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Farm Bill Passes Senate, Bennet Provisions Strengthen Conservation, Support Farmers, Ranchers, Sportsmen

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The U.S. Senate today passed the 2012 Farm Bill that includes several provisions Colorado U.S. Senator Michael Bennet secured to strengthen conservation and support Colorado farmers, ranchers and sportsmen. The bill consolidates and streamlines programs and would reduce the deficit by $23 billion. It passed with broad, bipartisan support by a vote of 64-35.

"I heard from Coloradans in all corners of the state that the Farm Bill should be less complicated and should contain strong, effective programs that work for farmers and ranchers as well as rural communities and rural resources," said Bennet. "This bipartisan bill cuts the deficit and provides more simplicity and certainty for farmers and ranchers in Colorado. It also ensures that landowners and producers can preserve the integrity of their farm and ranchland for future generations."

Bennet, a member of the Senate Agriculture Committee, helped craft the bill with input he received from dozens of Farm Bill listening sessions he held across Colorado. Bennet secured several provisions to improve agriculture and conservation programs important to Colorado's rural communities, including measures to simplify and enhance conservation easement agreements by consolidating the number of programs and adding flexibility that will allow more landowners and producers to enter into easements. Bennet further strengthened conservation easements with an amendment that clarifies the law within the newly consolidated Agricultural Lands Easement program to ensure that farmers and ranchers have more incentives and opportunities to enter into an easement agreement. The amendment ensures that resources for conservation easements will target areas with a high concentration of farmland instead of only areas where farmland is contiguous.

Conservation easements are voluntary agreements that allow landowners to limit development on their property while retaining ownership. The easements are designed to protect land in its undeveloped state and to preserve agricultural heritage and wildlife habitats for future generations.

Lynne Sherrod, of Collbran, Colorado and the western policy manager for the Land Trust Alliance, "The Farm Bill provides the single largest source of federal resources for private land conservation. Working land easements enable willing landowners to keep their land in production, which in turn provides food and fiber, clean water, wildlife habitat, and maintains our rural heritage -- a good investment for future generations of farmers, ranchers and all Americans. We applaud Senator Bennet for his leadership in helping to secure this important investment for rural economies."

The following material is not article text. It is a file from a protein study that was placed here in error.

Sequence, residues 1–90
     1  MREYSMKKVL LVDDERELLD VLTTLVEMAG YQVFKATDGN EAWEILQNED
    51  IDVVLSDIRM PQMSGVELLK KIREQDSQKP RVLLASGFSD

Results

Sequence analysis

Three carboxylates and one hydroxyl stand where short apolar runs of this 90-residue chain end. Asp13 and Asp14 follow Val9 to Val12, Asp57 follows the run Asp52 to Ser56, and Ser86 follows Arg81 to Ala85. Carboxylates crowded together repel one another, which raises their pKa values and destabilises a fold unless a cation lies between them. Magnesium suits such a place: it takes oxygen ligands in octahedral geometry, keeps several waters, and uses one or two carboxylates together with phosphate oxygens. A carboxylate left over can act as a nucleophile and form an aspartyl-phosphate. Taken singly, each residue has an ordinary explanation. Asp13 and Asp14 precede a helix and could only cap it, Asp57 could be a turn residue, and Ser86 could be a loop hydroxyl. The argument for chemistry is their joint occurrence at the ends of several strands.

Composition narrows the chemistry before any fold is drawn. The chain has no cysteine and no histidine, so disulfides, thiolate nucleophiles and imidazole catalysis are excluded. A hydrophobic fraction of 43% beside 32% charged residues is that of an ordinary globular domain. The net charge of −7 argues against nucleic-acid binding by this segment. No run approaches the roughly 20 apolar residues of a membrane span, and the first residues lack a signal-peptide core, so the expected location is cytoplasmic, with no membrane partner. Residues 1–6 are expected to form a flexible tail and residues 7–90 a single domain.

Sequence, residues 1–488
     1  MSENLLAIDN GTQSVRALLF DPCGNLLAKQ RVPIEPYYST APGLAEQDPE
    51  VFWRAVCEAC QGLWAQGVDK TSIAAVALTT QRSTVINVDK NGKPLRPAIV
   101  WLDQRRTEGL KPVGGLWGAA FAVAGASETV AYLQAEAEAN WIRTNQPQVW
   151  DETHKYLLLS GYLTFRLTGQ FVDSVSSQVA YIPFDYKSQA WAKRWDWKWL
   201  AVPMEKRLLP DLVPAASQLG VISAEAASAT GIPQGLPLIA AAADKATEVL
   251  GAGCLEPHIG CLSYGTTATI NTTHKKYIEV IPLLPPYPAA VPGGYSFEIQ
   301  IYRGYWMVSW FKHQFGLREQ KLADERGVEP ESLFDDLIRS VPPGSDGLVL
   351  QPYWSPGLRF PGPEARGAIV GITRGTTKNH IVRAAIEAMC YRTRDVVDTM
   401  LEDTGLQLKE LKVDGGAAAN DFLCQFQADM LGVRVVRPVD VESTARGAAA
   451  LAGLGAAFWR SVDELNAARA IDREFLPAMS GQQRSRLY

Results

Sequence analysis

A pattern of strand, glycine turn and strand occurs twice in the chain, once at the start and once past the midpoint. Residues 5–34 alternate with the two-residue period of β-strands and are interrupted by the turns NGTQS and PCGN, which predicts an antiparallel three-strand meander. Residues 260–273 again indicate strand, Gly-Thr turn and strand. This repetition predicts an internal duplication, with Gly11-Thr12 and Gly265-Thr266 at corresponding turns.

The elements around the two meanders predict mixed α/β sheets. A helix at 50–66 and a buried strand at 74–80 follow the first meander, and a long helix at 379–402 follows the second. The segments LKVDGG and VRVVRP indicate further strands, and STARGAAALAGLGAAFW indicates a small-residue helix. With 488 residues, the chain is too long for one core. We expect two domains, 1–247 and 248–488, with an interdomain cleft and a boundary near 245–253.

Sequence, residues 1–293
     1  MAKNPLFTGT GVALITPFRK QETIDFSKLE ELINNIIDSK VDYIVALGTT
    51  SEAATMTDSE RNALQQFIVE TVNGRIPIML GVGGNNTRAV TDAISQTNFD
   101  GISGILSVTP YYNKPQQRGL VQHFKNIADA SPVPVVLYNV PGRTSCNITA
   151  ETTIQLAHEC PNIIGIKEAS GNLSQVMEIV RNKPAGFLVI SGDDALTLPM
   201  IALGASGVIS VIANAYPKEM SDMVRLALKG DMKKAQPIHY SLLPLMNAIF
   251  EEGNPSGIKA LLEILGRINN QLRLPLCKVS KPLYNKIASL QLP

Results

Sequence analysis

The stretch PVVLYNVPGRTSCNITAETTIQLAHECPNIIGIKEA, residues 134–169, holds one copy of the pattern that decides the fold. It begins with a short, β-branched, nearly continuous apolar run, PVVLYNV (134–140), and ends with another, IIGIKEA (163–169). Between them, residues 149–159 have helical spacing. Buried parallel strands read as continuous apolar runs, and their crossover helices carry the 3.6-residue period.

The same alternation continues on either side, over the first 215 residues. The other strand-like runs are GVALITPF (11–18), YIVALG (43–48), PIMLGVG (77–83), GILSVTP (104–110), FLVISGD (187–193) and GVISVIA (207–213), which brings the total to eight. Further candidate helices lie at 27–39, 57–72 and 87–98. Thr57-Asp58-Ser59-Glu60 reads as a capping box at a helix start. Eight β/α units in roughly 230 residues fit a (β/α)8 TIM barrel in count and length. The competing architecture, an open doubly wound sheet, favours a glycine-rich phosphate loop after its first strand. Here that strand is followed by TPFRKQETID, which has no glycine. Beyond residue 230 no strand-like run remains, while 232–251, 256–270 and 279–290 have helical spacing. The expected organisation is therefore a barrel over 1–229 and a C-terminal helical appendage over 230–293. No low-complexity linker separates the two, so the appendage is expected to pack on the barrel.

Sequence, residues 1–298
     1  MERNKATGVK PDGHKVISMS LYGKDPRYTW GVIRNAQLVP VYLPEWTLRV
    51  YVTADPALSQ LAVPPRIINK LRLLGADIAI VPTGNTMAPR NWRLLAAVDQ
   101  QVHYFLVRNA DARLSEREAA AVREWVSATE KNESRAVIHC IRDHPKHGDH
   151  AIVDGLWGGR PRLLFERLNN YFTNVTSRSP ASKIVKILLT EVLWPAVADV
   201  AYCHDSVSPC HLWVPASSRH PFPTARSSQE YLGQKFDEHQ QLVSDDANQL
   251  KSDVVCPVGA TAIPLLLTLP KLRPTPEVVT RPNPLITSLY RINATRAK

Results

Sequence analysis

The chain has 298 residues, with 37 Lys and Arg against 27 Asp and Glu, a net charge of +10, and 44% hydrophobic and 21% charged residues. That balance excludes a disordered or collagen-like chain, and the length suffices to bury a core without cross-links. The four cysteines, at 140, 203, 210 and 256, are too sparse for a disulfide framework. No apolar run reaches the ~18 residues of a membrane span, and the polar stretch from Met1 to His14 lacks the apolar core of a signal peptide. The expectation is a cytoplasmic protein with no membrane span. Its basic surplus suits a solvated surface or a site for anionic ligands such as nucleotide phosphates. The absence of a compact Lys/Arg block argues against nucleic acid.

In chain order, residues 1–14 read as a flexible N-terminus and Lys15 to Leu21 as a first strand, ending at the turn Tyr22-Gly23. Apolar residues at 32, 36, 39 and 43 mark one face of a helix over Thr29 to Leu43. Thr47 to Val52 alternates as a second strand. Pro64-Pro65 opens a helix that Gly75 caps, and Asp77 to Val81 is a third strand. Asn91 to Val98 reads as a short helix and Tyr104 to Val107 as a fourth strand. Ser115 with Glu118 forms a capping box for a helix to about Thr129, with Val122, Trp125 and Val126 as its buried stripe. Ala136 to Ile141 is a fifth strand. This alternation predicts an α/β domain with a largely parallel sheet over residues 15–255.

Tim Sullivan, Colorado state director for The Nature Conservancy said, "Senator Bennet has been a leader in promoting Farm Bill conservation programs that recognize the critical role of ranchers, farmers and foresters as stewards of our country's natural resources. These programs play an essential role in conserving America's soil, water and wildlife. We congratulate and applaud Senator Bennet for his tireless efforts and common-sense approach to ensuring that these programs work for landowners, conserve important lands, and promote good stewardship."

Other provisions Bennet fought to secure in the bill include:

A package of Farm Bill energy programs cosponsored by Bennet that includes the Rural Energy Savings Program (RESPA) Act, which Bennet helped introduce last Congress. RESPA would allow the Rural Utilities Service (RUS) to authorize low interest loans for rural homeowners and small businesses to do energy efficiency retrofits.

Reauthorization of stewardship contracting authority for the Forest Service, which was included in the Agriculture Committee's initial draft of the bill. Stewardship contracting is a critical tool for the Forest Service to implement projects that restore and maintain healthy forest ecosystems, and provide business opportunities and local employment. Colorado currently has more stewardship contracts underway than any other state, with 34 projects totaling almost 12,000 acres.

A strengthened federal crop insurance program that improves the way crop insurance functions for producers with consecutive years of losses and expands the kinds of crops that are covered under the program.

Emphasis not only on water quality but also water quantity as a priority for the Natural Resources Conservation Service, which administers Farm Bill conservation programs.

A bipartisan provision to allow bowhunters with archery equipment to cross national park lands to access adjacent hunting lands.

Click here and here to learn more about Colorado priorities Bennet secured in the bill, which renews programs that will govern our national agriculture, nutrition, conservation and forestry policy for five years.

"I commend Senator Michael Bennet and his colleagues for creating a Farm Bill that serves the needs of the nation, the hungry, taxpayers, and family farmers and ranchers," said Kent Peppler, president of the Rocky Mountain Farmers Union. "The bill is by no means perfect from any perspective, but agricultural producers were facing chaos without reauthorization."

The bill now awaits action by the House of Representatives. The 2008 Farm Bill provisions expire at the end of September.


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